When I started here, there were no written policies. There were no guidelines for how to do things in accordance with law. I’ve enacted almost 60 policies and written a 43-page employee handbook. Now there are clear guidelines for action. I’ve also gotten so many grants for this village. I was instrumental in developing our park with a playground, dog park, basketball court and pedestrian path. I initiated the village website, keeping it up to date weekly. I like to germinate the ideas and then put them before the board and let them make decisions. But I let them think it was their idea! I also pride myself on being up to date on all new laws and new requirements. And I love writing laws, throughout my career here, I have written almost 100 laws that have been enacted. I’m working on a new tree code right now so I’m having a lot of fun with that.

How important is it to your village to have its code up to date?

It’s absolutely essential. Before I came here, there were basically no new local laws enacted. They just relied on the old original code — I think from 1997— as it had been amended. And it didn’t reflect the way the village actually operated. Little by little we’ve gone through the code to make it more relevant and to ensure the laws reflect what we’re actually doing. We have a very active building department because this is such a desirable community and building is just nonstop. So, it’s especially important that our zoning code is up to date, because that’s what my building inspector relies on. eCode360 has especially been helpful in finding a lot of information and comparing codes from other communities. It’s a really great tool.

What advice would you give to new clerks?

The best thing [a new clerk can do] is to network, network, network. Right now, I’m the President of the Long Island Village Clerks and Treasurers Association, and we hold monthly meetings that always have an educational component. Networking is so key, and it’s interesting because I know some clerks who don’t participate in meetings, and they often get things wrong in their work. We also have a Listserv where if you have a question, you can post it online and you get tons and tons of information and advice. It’s an important tool. Another piece of advice is if you have a municipal attorney, consult him. That’s what your community is paying them for.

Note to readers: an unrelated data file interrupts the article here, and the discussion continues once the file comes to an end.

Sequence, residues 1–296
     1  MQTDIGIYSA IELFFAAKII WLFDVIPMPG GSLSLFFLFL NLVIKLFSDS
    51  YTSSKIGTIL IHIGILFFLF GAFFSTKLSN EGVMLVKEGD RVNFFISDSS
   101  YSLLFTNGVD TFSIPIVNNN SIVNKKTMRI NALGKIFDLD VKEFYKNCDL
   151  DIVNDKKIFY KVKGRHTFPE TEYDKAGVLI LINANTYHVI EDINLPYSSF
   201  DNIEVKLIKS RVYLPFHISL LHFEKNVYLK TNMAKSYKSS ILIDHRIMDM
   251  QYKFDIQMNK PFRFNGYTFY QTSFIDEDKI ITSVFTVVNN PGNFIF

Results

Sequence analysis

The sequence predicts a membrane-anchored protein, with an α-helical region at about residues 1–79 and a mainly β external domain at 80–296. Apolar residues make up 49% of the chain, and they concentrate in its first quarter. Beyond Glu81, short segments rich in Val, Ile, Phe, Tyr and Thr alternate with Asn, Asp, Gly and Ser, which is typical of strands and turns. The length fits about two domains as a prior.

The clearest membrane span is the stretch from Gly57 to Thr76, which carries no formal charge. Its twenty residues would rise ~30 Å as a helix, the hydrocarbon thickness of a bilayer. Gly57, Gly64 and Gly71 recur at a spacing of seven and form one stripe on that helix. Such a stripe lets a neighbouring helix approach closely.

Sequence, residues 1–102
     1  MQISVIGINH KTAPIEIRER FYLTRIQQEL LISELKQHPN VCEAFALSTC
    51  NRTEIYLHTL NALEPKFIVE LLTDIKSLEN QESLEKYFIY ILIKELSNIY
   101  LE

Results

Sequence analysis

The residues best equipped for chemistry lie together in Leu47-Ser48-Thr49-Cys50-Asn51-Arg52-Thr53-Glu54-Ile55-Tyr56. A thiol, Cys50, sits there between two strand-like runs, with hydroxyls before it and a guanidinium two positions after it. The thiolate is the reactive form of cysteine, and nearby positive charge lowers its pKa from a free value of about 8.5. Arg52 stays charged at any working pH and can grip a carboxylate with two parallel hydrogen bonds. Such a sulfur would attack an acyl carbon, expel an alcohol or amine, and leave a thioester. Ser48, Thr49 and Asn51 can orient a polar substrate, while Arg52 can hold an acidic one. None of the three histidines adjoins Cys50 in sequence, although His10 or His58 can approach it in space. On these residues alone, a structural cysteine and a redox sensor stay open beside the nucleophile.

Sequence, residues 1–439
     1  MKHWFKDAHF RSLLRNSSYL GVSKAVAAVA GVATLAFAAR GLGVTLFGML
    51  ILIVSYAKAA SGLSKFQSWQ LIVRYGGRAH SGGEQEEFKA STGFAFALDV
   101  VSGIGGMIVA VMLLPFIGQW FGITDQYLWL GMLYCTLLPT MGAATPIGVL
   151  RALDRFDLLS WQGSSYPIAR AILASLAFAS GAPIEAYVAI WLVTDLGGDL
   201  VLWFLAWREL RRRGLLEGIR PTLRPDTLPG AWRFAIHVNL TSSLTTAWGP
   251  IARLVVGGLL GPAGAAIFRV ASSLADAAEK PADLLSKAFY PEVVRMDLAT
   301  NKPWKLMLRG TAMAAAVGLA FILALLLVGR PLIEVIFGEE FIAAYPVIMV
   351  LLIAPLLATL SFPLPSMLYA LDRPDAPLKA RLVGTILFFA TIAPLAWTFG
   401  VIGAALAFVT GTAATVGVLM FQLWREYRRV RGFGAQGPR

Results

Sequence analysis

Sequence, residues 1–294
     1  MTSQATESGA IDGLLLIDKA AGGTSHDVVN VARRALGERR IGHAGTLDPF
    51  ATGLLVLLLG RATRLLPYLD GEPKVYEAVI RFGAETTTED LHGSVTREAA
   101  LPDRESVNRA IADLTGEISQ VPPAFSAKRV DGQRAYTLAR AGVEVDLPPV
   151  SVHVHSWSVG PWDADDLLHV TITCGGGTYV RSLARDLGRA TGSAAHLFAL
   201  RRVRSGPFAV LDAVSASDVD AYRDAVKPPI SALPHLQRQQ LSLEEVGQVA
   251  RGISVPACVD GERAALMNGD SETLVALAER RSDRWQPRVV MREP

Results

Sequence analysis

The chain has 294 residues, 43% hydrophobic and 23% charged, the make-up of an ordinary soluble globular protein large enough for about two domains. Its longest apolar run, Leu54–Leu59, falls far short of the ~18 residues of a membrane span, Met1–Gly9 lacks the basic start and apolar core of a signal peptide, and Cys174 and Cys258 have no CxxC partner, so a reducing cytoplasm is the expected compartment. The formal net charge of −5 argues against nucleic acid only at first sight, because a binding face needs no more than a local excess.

Do you attend local and national conferences, to keep up with what’s going on?

We have the International Institute of Municipal Clerks that has regional and worldwide conferences. I have attended regional ones. They issue Certified and Master Municipal Clerk certifications, both of which I have. New York State Clerk’s Association which sponsors classes leading to Registered Municipal Clerk certification and reaccredit every two years which I do. New York Conference of Mayors offers an annual Fall Training School which is a week of full time classes, I have received 10 year attendance recognition and am up to 13 years of attendance. I’m always looking for online classes that enhance my knowledge and improve my performance. I’m also a licensed attorney and keep up with my continuing education credits which always relate to local government topics. Education should be a life-long pursuit.

What is the best kept secret about Flower Hill?

We have a number of celebrity residents – but I won’t drop names! We also have this really creepy cemetery that dates back to the American Revolution. Nobody really knows about it, and it is so interesting because you can see these graves from the 1700s. The Boy Scouts have done some clean up but it’s still pretty spooky!

I know you are set to retire soon, so what is on your bucket list?

My husband and I were supposed to go to Yellowstone and Grand Teton just as the pandemic hit. We had it all booked and then it was cancelled. So that’s going to be our first retirement trip. We are also set to enjoy our grandkids and I have a lot of hobbies that I will have more time to pursue and old friends to catch up with.

Any final advice you’d like to offer clerks?

Don’t be afraid to ask. There’s no such thing as a stupid question. Ask your fellow clerks. Also – and a key piece of advice – reach out to the New York Conference of Mayors, they are phenomenal and can always either answer your questions or lead you to the right source. That’s what you paid your membership dues for, and they are always happy to help you out.